Closer Than You Think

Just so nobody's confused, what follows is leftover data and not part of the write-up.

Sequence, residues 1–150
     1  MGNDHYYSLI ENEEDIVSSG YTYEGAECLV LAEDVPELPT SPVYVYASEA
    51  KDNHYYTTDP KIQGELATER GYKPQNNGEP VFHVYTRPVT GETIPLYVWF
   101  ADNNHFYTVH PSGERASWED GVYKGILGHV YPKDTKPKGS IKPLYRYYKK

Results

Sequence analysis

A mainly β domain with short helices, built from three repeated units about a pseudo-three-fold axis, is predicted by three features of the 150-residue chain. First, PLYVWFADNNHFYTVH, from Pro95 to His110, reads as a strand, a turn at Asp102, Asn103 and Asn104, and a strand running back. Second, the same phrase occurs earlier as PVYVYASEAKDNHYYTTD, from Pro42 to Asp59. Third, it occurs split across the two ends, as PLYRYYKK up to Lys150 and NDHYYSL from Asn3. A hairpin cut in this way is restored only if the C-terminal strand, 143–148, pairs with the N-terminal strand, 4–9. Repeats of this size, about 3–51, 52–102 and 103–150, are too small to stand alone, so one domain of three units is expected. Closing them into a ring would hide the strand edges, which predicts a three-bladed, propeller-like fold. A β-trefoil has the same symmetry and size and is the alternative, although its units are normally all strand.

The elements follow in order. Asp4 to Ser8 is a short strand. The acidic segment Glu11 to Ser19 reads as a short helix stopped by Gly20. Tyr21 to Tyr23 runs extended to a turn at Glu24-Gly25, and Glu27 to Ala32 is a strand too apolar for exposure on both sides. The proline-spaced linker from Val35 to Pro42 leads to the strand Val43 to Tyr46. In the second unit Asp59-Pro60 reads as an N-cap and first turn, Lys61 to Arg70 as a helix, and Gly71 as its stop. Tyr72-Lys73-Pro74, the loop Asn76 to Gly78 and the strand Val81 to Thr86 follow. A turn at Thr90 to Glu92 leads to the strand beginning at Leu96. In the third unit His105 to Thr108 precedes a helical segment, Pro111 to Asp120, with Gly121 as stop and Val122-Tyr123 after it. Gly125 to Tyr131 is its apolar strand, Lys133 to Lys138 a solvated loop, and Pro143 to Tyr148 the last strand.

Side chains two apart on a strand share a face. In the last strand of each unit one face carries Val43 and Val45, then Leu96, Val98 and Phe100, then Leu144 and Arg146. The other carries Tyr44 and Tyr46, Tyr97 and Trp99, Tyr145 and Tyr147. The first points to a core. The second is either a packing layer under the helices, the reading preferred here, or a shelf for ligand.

The Internet has forever changed the face of banking. Not just in the most obvious waysu00e2u20ac”like creating a new avenue of commerceu00e2u20ac”but in even more dramatic ways, like the way bankers think about technology spending. Initiatives that were dismissed as too costly a few years ago, such as check imaging and wireless access, have suddenly become doable, bankers embrace the Internet as a utility critical to the basic operation of their institutions. Rather than budget millions of dollars on new hardware and software configurations that will have to be upgraded in a few years, banks are plugging into the Internet and downloading the latest applications. And they`re accessing vast storehouses of data, automating paper-intensive processes, even offering wireless services with no more of a capital outlay than the cost of the Web browsers that connect them to a new generation of outsourcers, known as application service providers. “As technology evolves, more applications will go with the ASP architecture, up to and including core systems providers,” observes Ken Johnson, a managing director at Alex Sheshunoff Management Services, Austin, Texas. “Technology will come into a bank through the Internet, just as electricity comes into the bank by wires.” ASPs are modern day service bureaus accessed via the Internet, and in some cases, intranets. (An intranet functions much like an in-house Internet.) Perhaps the best-known ASPs today are the antivirus software companies, like Norton. Small to mid-sized banks also use ASPs to support offerings like cash management services that are on a technology par with big banks. “The Web is appealing to these banks because it gets them out of the software business,” explains Dan Smith, vice president, Politzer & Haney, a Newton, Massachusetts-based software house. To compete with the big institutions, especially in technology-rich service lines, a smaller bank needs to be nimble enough to support rapid deployment of and enhancements to products and services. It might cost a bank as much as $2,000 to dispatch a techie to a customer site to install new cash management reporting software, notes Smith. Downloading software to a customer via an ASP and the Web costs a fraction of that amount, because the ASP leverages the economies created by dozens of other similarly situated banks. The savings are even more dramatic when the ASP model is applied to emerging, cutting-edge technologies. Take, for example, wireless access. Grant Thornton, in its latest survey of community bank executives, found 45% expect widespread customer demand for wireless access to bank and investment accounts, and 31% ranked wireless access a key success factor for their institutions. Yet wireless technologies are a risky investment because nobody knows if customers really want to access their accounts using mobile telephones or Palm devices. Forrester Research, Cambridge, Massachusetts, reports that of the 35% of U.S. households that say they are at least somewhat interested in mobile data services, only 40% would check their bank account balances and just 30% would transfer funds. Cleveland-based Key Bank has been testing the concept, allowing customers equipped with mobile telephones and certain Palm devices to access the bank`s Internet site for balance inquiries, funds transfers, bill payments, and stock quotes. Paul Ayers, a Key Bank senior vice president, figures about 60% of customers` wireless log-ons are for stock quotes. “We`re still not sure we can make a case for it, on a B2C [business-to-consumer] basis,” says Ayers of wireless access to the bank`s Internet services. Enter the ASP. The ASP provides all the hardware, software, network, and customer services needed to support wireless access to a financial institution`s Internet banking applications. The bank (or its technology agent) pays a modest upfront fee, plus fees each time an account is accessed. Critical to the value of an ASP is its ability to support scores of devices from an array of vendors accessing information from a dozen or more networks. Lack of standardization in devices and communications protocols is a huge obstacle that will keep banks from investing in wireless access technologies and instead plugging into ASPs for the capability. “Wireless services must be delivered securely and soundly, and end-to-end delivery of service must be reliable. Splintered data and communications standards in the U.S. are key obstacles” to widespread implementation, says Teresa Lindsey, chief of staff for the Banking Industry Technology Secretariat. BITS recently took on the task of building an industry consensus for what it will take to create an infrastructure that can support wireless delivery of financial services. Lindsey is optimistic the obstacles can be overcome, but she isn`t committing to any time frame for the completion of this latest BITS project. Check imaging, a technology that has been languishing on the periphery of many banks` wish lists for the past several years, is also getting a boost from ASPs. Electronic storage and communications technologies are cheaper than ever, encouraging a new breed of ASPs that specialize in image storage and distribution services. The most notable of these is Viewpointe Archive Services, a joint-venture ASP announced last fall by Bank of America, Chase Manhattan Bank, and IBM. Viewpointe aims to develop a Web-accessible digital archive for all checks and other paper items created during banking transactions at BofA, Chase, or any other bank that plugs into the Viewpointe ASP. Viewpointe is not alone in the marketplace. Even the Federal Reserve is putting in place a Web-accessible check image archive. Fed officials say they should have a national check archive up and running this year that can support long-term storage and retrieval of the images of truncated paper checks. This is important because under present law, banks must hold onto copies of posted checks for at least seven years. What Viewpointe, the Fed, and scores of bankers are coming to accept is that Americans will not stop writing checks any time soon. Depending upon which expert guesstimate you believe, Americans wrote between 65 billion and 70 billion checks last year. And every indication is that the yearly total will only increase before it begins to decline. In addition to pushing image storage, the Fed is preparing legislation it hopes will convince Congress to change federal statutes that today stymie interbank truncation, where a paper check is stopped at the bank of first deposit (or even the point of sale) and converted and handled as an electronic image from that point forward. With widespread truncation, banks can eliminate check courier costs, and they can stop sending customers monthly statements stuffed with canceled checks. Statements instead will display images of checks cleared against a customer`s account that month and reference numbers that support downloading of individual images via the bank`s website, which is connected to an outside archive service. Banks can also use a check archive to support new fee opportunities, like check fraud prevention and customer data-mining services. Jeanne Capachin, an analyst with Meridien Research, Newton, Massachusetts, expects the trend to spill over into the electronic payments arena, with payments companies supporting banks that Web-enable ATMs. The first service to be offered will be check cashing, Capachin figures. “There are plenty of folks, even folks with bank accounts, who would like to be able to cash checks at ATMs,” she says. The major debit card networks already have Web strategies. Star, a coast-to-coast, bank-owned network that was acquired recently by a large nonbank payments company, is testing a debit card that uses digital certificates in lieu of personal identification numbers to authenticate Web-initiated transactions. A debit card coupled with a digital certificate could be a so-called smart card, but it doesn`t have to be. Smart cards, will become increasingly common as more customers access their banks via the Web. Bankers have two archrivalsu00e2u20ac”American Express and Microsoftu00e2u20ac”to thank for an uptick in the number of Americans who carry and conceivably would use smart cards to access financial services. Microsoft has been pushing smart cards for electronic commerce applications that can be used with its software architecture, and AmEx is believed to have issued some three million Blue cards in the last two years. Blue, a credit card with a smart card chip that also includes a magnetic stripe, carries the cache of being a hip (and more secure) card to use for Internet purchases. Although most of the transactions initiated on Blue cards today are at brick-and-mortar establishments, the strategy has enough appeal to have prompted Visa to introduce its own smart card. At least three large Visa banks are issuing smart cards today, and more are expected to follow. Experts anticipate the number of smart cards and the number of devices capable of reading the computer chips contained in smart cards will increase as more consumers go online to bank and shop. Forrester Research predicts Internet commerce (consumer and business) will exceed $860 billion in the United States this year. By 2004, Forrester estimates spending by Americans on the Internet will exceed $3.1 trillion. Prudent risk management policies will dictate that more banks will issue smart cards as additional commerce moves to the Internet. “The role of the smart card is to re-create the level of security [people are used to] over a different channel”u00e2u20ac”the Internet, says Politzer & Haney`s Smith. And when dealing with banks, Americans have come to expect the highest levels of security and privacy.